WRONG. Even today, if the prices fall by 50%, there will still be very few people who can buy at this levels due to uncertainty in jobs & most importantly high EMIs. Also, look at the rental rates for equivalent houses. Which loss per month is larger? EMI or rent?

contd....
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  • Originally Posted by TheTruth
    The article is not bullish or bearish, it is childish :D

    A person who has 20 Lakhs in hand and getting Rs.50,000per month in hand is not able to buy a flat in apartment as he wish. Do you think this price will sustain?

    What does one thing have to do with another? Since when people started getting a permit to buy a flat anywhere after saving 20L and earning 50k per month?!


    So who has the permit to buy flats ?
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  • Originally Posted by ashish18
    So who has the permit to buy flats ?


    Doesn't require a permit. Only your budget and market conditions define your possible purchase. It's not a booze purchase that requires permit. I objected the writer for his childish views, don't take it personally.
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  • I would agree with The truth,
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  • Sorry I forgot to look at the title of the thread! I have nothing new to add to the discussion, and anything I say will be repetition of past many posts on such topics.

    The only point is, housing is not a right, and one cannot have house of his preferred size at his preferred location in his preferred cost. Most of the times, you have to adjust at least one factor out of 3 in order to get a deal. Those who want all 3 to fall in place, will most of the times end up having to compromise all three.
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  • Originally Posted by realacres
    But if I am correct, Kolte Patil is now giving possession without CC/OC. This means that their logic that since OC is not there, possession is not being given falls flat.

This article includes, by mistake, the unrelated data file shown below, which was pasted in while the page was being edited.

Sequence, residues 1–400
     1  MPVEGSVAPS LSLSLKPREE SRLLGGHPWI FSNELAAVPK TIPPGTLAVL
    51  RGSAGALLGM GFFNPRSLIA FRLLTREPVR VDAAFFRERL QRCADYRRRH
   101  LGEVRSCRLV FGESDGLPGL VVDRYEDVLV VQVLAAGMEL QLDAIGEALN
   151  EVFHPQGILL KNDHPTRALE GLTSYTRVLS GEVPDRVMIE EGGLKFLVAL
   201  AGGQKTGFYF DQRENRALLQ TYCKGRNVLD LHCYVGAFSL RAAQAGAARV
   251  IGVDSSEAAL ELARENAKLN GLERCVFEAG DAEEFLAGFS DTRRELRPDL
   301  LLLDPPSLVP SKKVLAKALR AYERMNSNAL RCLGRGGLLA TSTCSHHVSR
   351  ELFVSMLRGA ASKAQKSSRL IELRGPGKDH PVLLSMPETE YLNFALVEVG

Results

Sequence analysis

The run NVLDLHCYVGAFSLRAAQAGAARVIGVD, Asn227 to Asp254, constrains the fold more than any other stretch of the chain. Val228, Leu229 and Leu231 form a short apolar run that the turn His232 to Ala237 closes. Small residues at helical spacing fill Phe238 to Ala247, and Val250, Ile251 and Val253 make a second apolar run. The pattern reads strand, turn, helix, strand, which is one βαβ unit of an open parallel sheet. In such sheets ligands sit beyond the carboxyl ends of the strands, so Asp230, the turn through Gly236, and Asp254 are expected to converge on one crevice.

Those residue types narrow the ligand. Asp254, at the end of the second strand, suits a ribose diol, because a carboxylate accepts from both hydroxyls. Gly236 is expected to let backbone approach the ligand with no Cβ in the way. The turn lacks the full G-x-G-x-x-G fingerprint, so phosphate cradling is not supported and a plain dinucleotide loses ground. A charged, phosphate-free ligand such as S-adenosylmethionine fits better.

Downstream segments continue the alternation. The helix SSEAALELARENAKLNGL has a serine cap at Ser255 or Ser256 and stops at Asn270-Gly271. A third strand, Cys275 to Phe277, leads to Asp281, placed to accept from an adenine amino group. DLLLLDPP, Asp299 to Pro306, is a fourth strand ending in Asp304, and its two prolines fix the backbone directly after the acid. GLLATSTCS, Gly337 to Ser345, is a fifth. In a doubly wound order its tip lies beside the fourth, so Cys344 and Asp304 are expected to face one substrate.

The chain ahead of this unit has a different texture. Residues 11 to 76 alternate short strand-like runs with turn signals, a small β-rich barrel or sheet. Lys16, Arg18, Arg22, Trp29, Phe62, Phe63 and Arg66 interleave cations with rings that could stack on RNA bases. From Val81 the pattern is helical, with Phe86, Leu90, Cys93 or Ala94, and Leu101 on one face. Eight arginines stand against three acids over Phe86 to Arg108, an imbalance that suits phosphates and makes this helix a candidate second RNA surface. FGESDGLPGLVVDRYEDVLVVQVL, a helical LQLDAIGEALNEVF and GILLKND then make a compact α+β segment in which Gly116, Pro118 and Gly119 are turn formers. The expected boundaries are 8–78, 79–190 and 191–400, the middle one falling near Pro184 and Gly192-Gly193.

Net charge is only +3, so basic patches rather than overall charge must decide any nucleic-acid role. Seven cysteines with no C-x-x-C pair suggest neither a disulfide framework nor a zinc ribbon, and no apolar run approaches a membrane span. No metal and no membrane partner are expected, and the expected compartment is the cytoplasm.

Anyways, I don't have much insider info here as no one in my circle is looking at projects based in some tribal land (Wagholi, Kharadi, Hinjewadi etc.)

    Btw, why is the owner of Amit Enterprises writing lot of articles on RE & how good is Pune RE on websites like moneycontrol, & newspaper like sakal ? Even today, he feels Ambegaon (where Bloomfield is located) is like Singapore. :D

    Also, the TOI is publishing interviews of builders as articles rather than being written by their correspondent. Other aspect is that the 'Property Pages' which used to come with many newspapers have shrunk drastically in past 2 months.


    Kharadi - a tribal land :D - you probably have not been there for a while. In 10 years, it will be one of the best places to live and work in Pune... a lot better than congested and polluted non-tribal city areas. City areas are already so congested and polluted that people pray that we don't have pass through them... let alone live there. But just because they are in PMC and are part of the "City" some people feel they better than areas like Kharadi... I find that very funny.

    Wagholi and Hinjewadi will probably take longer than Kharadi but over a period of time they will also be preferred over congested and polluted city areas. Some of the the tribal lands of yesteryears are "Most Wanted" places to live and work these days... so will be Kharadi, Wagholi and Hinjewadi. Stay tuned and you will see it with your own eyes...
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  • Originally Posted by TheTruth
    Sorry I forgot to look at the title of the thread! I have nothing new to add to the discussion, and anything I say will be repetition of past many posts on such topics.

    The only point is, housing is not a right, and one cannot have house of his preferred size at his preferred location in his preferred cost. Most of the times, you have to adjust at least one factor out of 3 in order to get a deal. Those who want all 3 to fall in place, will most of the times end up having to compromise all three.


    I have same opinion as yours. I have seen people who complained of high prices 4 years ago and were waiting for prices to correct further (even though they had fallen by 20-25%) before buying. The prices have doubled in some areas and they are still waiting.